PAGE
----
He is by no means a cartoon character. ‘I don’t get outraged. I’m a very cheerful guy but I’m passionate. My biggest love in life is silence and peace. If I speak loudly or I’m noisy it’s when I choose to be, but in actual fact I love a walk, I love being quiet. Years ago, I spent five days with the Dalai Lama and we got on famously. We meditated together.’
What did the Dalai Lama make of him? ‘He recognised that I had this kind of magnetic centre and he said, “You have great willpower.” And I talked to him about his sex life. I said, “You have got gorgeous skin and a beautiful body. Don’t you miss sex?”
‘No one asks His Holiness questions like this but he said (he does the Dalai Lama’s voice), “Sometimes I think of a beautiful woman and I do my mantras louder and take a cold shower. It’s practical, Brian.”
‘Oh, we got on like a house on fire. I think he loved that I wasn’t treating him like a god.’
On other subjects, he is eye-wateringly open. We talk about his casting in the 1971 film The Trojan Women, which saw him get his pecs out for his co-star Katharine Hepburn.
He was mostly on a horse and she was quite impressed ‘although she kept saying “Brian rides well but Spencer was better”, or “Brian has big, thick arms but Spencer’s were bigger”. Eventually I had to tell her to shut up about Spencer.’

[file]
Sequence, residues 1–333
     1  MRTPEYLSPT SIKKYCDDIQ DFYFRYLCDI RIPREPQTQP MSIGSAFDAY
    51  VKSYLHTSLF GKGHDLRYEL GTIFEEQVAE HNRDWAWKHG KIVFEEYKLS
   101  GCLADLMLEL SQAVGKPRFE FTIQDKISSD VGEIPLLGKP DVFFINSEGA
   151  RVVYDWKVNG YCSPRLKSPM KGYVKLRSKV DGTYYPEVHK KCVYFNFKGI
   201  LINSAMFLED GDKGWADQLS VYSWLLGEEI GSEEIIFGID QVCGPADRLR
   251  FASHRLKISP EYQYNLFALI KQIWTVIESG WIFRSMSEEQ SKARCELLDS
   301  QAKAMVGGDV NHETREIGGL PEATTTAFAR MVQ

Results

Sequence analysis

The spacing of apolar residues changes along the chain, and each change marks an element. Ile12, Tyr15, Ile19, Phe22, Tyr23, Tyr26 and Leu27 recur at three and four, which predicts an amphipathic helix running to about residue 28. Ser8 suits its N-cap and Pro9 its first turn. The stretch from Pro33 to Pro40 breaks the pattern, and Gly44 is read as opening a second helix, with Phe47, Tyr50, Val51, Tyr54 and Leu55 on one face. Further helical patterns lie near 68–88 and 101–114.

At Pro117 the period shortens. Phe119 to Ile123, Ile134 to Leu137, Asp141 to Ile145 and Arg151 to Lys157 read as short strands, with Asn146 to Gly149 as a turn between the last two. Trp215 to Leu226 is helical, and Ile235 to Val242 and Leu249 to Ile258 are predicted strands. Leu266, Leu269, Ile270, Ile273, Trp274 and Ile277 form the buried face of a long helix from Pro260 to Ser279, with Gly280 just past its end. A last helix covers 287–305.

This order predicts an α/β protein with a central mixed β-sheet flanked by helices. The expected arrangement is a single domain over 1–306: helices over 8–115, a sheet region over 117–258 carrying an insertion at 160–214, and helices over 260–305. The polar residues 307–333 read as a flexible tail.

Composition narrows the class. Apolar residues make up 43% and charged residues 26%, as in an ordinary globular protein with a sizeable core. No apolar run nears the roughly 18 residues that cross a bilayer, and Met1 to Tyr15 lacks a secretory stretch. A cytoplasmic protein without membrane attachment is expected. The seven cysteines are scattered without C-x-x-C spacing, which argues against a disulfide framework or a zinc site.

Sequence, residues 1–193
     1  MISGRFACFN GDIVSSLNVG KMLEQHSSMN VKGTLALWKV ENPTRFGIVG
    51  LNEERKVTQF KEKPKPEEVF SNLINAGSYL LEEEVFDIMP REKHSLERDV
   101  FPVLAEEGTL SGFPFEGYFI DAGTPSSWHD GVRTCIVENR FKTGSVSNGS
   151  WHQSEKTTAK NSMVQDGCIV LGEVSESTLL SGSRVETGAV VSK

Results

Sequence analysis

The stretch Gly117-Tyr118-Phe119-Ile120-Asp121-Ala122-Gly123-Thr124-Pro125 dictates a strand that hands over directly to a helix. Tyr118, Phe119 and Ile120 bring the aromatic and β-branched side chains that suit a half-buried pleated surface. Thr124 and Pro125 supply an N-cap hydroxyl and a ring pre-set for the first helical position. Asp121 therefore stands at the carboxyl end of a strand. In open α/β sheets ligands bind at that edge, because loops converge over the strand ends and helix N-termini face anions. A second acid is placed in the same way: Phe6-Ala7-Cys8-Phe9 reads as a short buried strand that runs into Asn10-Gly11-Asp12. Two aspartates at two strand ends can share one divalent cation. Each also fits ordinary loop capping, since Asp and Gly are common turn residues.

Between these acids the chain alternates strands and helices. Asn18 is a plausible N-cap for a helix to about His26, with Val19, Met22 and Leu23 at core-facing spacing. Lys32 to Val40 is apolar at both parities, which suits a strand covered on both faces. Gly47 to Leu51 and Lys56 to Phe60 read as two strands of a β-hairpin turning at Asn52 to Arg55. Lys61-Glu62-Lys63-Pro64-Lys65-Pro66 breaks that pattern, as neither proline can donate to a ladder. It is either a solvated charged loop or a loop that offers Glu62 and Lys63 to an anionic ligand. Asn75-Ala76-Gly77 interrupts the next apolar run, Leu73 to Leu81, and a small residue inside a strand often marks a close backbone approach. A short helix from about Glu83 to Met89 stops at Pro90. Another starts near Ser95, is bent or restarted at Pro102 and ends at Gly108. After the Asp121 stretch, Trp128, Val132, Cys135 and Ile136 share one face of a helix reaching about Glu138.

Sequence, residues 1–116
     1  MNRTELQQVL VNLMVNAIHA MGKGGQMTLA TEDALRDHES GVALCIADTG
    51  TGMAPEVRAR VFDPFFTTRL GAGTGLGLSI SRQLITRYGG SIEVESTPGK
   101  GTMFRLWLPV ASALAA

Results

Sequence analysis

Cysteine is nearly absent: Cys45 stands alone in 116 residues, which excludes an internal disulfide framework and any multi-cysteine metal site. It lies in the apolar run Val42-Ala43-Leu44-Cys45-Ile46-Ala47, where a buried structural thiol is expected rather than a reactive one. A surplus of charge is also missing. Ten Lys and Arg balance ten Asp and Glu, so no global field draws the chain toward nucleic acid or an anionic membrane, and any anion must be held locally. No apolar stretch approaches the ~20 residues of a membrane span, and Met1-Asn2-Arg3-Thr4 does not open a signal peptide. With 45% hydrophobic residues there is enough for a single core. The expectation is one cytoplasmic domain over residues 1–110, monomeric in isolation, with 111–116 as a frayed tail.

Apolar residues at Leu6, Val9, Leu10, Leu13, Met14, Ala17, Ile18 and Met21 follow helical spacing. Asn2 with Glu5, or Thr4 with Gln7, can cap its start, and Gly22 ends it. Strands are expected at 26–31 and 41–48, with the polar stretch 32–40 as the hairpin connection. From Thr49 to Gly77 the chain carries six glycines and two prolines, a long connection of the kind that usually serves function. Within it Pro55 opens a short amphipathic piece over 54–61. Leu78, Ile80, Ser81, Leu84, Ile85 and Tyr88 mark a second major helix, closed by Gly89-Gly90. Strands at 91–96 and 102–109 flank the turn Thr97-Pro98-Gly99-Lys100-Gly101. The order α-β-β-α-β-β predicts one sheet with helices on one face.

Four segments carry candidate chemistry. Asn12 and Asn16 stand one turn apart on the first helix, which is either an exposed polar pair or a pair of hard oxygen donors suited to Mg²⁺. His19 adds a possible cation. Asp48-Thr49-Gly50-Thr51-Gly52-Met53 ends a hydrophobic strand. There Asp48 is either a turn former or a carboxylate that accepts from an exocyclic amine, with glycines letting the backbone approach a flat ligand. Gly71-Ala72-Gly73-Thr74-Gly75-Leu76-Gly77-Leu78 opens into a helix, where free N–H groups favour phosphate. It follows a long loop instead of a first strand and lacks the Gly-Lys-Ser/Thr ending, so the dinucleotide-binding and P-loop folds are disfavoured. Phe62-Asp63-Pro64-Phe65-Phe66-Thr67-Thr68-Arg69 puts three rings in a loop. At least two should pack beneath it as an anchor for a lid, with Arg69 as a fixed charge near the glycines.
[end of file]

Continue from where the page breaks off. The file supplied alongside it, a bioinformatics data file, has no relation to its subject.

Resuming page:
Spencer, of course, was Spencer Tracy, the love of Hepburn’s life.
Brian and Katharine struck up a relationship that was more than a friendship but never quite got sexual. A chaste affair, then? ‘That’s right, it was wonderful.’ Did you want it to be more? ‘Oh yes, yes. I deeply regret that the relationship didn’t go further. I found her very romantic and very sexy. You know, I was 30 years younger but it didn’t matter. She was very youthful.’
He insists he is a woman’s man. ‘Ninety per cent of men bore the arse off me. Women are my religion. Whatever I’ve learned in life is basically from women. Women are appearing everywhere and thank God.
‘We have them in the House of Commons and we need them. Have you ever seen such a bloody boring lump of humanity as we have this day with men?’
He knows Boris Johnson, it transpires (‘He wants to climb Everest with me,’ he says), but thinks Nicola Sturgeon is doing a much better job with Covid. ‘I like Boris enormously. He has drive and energy and I think he is going to be all right. But Sturgeon, she has a staggering subtle simplicity, a combination of heart and mind.
‘I think she’s doing a fine job. I think she’s adorable. Women don’t have a bloody silly ego and a need to prove themselves all the time.’
So which one would he rather share a tent with, on Everest? ‘I think you could rely on them both. They both have a wonderful sense of humour, a twinkle.’
He hates politicians who don’t twinkle. President Trump is a ‘clown, an idiot, a joke’.
His voice has risen again. My ears hurt. Then he is mumbling at someone in the background and announces that our time is up.
‘Sugar Lump, I have to go,’ he says. ‘I have to take my wife to Waitrose.’ He tries an almost-whisper. ‘I’m quite hen-pecked really.’
I do hope Hildegarde lets him wear his wings.
Flash Gordon 40th Anniversary 4k Restoration is in cinemas and available to own now.